You may also scan Christine Jones's stucco-walled set with its sparse furnishings--a metal bed, a table, a tub, a sink, a refrigerator--and, when you spy that battered fridge, think, "There's food in there, and it's going to end up on the floor." If you do, you definitely know your Shepard front to back.
Yes, the confronting siblings of this play, who are (no surprise) very different one from the other, eventually grapple not once but twice. And, yes, food does get scattered. So what else is new, you might think. Been here, seen this. It's Shepard covering the same old territory. In The Late Henry Moss, the two brothers--who are endlessly edgy around each other for reasons it takes the length of the play to get to the bottom of--have arrived at a sleazebag hotel efficiency room in a god-forsaken New Mexico town to figure out what to do about their father. The eponymous old man lies dead as a doornail on the above-mentioned metal cot with only his shod feet sticking out from under a patterned blanket.
Earl (Arliss Howard), in from New York in a single-breasted suit and subdued by ostensible grief, doesn't understand why the nervous Ray (Ethan Hawke), who arrived on the scene a day or two later, won't stop asking questions about the sequence of episodes leading up to dear old dad's demise. "I don't remember," Earl says at least a half dozen times. Ray's first words--spoken after we see an opening image of Henry Moss dancing across the room with a zaftig Mexicana--are "I was never one to live in the past."
That's a signal that the play is going to be about brothers confronting their disparate memories of the past. It is subsequently revealed that their past was spent under the thumb of an alcoholic father who, a few decades earlier, abandoned them and their battered mother. Over the course of three relatively brief acts--wow, a three-act play in 2001!--Ray tries to get satisfaction from Earl on the cloudy subject of home life. When he doesn't quickly learn what he's after, he seeks to be enlightened by the three people whom Earl has said were the last to see Henry Moss alive. They are Esteban (Jose Perez), who lives across the road and daily brought Henry hot soup; a cab driver (Clark Middleton) who had taxied Henry to and from an unlikely fishing expedition; and Conchalla (Sheila Tousey), the dancing doxy first seen tangoing with Henry in flashback.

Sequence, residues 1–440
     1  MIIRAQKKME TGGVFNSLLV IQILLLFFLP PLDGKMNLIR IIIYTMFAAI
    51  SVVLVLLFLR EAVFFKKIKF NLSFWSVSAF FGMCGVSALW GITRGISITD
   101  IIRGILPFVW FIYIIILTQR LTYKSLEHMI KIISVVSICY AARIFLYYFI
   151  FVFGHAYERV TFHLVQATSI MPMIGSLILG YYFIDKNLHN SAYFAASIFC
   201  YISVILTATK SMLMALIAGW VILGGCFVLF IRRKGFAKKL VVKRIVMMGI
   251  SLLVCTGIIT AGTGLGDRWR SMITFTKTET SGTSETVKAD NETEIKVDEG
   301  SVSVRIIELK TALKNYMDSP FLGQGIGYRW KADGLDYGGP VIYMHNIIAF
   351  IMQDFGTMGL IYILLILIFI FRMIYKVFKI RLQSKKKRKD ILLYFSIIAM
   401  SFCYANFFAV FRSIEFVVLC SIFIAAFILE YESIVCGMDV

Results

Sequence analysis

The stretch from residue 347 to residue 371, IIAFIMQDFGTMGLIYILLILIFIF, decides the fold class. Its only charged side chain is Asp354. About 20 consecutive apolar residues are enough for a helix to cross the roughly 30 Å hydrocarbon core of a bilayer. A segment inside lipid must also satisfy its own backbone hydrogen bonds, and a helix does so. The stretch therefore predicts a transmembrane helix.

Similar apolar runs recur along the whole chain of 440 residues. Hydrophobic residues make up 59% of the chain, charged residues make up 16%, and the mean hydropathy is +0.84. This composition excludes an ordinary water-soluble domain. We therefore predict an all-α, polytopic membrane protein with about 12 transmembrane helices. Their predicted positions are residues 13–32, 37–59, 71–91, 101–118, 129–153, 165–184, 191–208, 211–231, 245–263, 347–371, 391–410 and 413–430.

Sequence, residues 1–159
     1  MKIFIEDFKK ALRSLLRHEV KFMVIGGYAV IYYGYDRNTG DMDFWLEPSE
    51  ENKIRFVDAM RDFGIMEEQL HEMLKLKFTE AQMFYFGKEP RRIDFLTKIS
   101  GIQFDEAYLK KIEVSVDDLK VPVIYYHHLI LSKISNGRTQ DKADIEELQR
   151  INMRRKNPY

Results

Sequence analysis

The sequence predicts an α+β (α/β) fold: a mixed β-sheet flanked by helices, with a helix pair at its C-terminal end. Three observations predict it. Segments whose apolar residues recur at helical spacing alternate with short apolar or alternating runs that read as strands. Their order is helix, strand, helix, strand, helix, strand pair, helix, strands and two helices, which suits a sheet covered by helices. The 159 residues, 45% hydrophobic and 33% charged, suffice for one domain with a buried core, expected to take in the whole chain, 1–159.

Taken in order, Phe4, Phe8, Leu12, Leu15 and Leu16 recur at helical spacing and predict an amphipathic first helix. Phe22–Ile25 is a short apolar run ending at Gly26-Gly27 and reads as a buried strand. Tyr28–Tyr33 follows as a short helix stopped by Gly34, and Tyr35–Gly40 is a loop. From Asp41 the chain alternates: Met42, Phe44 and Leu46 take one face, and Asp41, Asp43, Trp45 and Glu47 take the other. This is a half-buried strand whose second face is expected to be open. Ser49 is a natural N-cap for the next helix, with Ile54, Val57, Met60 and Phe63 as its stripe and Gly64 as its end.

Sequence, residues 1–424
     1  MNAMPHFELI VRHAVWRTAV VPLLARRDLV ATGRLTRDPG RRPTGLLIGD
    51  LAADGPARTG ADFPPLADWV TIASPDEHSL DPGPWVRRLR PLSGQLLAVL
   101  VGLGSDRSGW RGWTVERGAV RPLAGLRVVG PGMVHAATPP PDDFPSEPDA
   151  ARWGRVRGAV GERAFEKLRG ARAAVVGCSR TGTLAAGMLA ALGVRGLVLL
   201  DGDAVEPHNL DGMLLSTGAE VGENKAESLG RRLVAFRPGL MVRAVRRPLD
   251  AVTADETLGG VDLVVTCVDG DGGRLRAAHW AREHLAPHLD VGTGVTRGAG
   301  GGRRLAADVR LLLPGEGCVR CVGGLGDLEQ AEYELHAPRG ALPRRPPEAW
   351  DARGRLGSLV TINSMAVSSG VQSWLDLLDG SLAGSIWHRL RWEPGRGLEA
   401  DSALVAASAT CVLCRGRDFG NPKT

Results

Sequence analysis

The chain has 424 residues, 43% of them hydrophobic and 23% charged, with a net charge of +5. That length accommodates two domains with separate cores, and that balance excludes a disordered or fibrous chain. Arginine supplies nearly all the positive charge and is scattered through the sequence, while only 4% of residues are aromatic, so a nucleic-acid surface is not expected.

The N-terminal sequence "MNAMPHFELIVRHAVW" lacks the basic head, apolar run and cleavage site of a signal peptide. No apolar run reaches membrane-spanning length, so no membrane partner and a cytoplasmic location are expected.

Though Ray intensifies his interrogation and Earl intensifies his demurrals, the others prove to be more forthcoming. It becomes evident that both brothers lied when they made their initial declarations. Ray does live in the past. Listening to the truth as narrated by Esteban, "Taxi," and Conchalla, he stands riveted and numb, standing off to the side on a raised platform and peering obsessively into the past. He gazes further into it when, at last, he gets Earl to admit his faulty memory isn't faulty at all. It seems that Earl is simply determined not to recall a painful childhood and young adulthood.
In describing Henry Moss's final hours, Esteban, Taxi, and Conchalla give the audience a chance to get to know the late boozehound, played with gusto by Guy Boyd. Moss turns out to be a man of no redeeming qualities, a drunk who turned his back on life so much that he considered himself dead long before he literally turns up his toes. He's the kind of abusive husband and father whom you hear described at A.A. meetings. He doesn't even tango with any particular aplomb, and the fish he catches and brings back with him is only about five symbolic inches long; at one point, Conchalla swallows it in a single gulp.
Is this reason enough to throw the babyish boys out with the bathetic bathwater? Not entirely, Shepard long ago staked a claim to a lot of dramatic acreage, and he's still finding plots (pun intended) that he hasn't explored before. When, at the denouement of The Late Henry Moss, older brother Earl breaks down and admits his reasons for failing to come to younger brother Ray's aid when they were kids, it's a legitimately moving passage. Shepard is to be chided for taking so long to get where he wants to go but, when he gets there, he has landed someplace. And it's close to a stroke of genius that he ends the play with a paraphrase of the opening statements that speaks volumes about the possibility for the battling brothers' future.
Actors looking for chances to sink their teeth into rewarding material aren't likely to turn down a Shepard piece, no matter what reviewers say. When this work was produced on the west coast, Nick Nolte and Sean Penn headed the cast. This side of the land, it's Hawke--whose surname gives a good idea of how he attacks and carries off his lines--and Howard, who delivers Earl's quieter speeches with all the guarded diffidence of someone who knows full well that he can't sustain a complicated deception. (Howard has to play an unplayable drunk scene in the third act. Stumbling around with his shirttails hanging out and railing at the ceiling, he doesn't pull off the acting stunt--but it's not his problem, it's Shepard's.) Middleton has a wonderful go at the fidgety, gabby cab driver, and Perez and Tousey breathe quick life into their showy parts. Nice work, too, by lighting designer Michael Chybowski, who has all those transitions into and out of garish flashbacks to contend with. Luke Notary suavely manipulates all kinds of percussion instruments in David Van Tieghem's menacing music.
Press materials for the production echo one of the standard clichés attached to Sam Shepard's prolific output in reporting that this hyperventilating work is "set in the mythic terrain of Shepard's American West." All too often, that's the kind of statement made about a play's subtext when the text itself doesn't make a lot of sense. Of The Late Henry Moss, let's just say it isn't a complete myth--er, miss.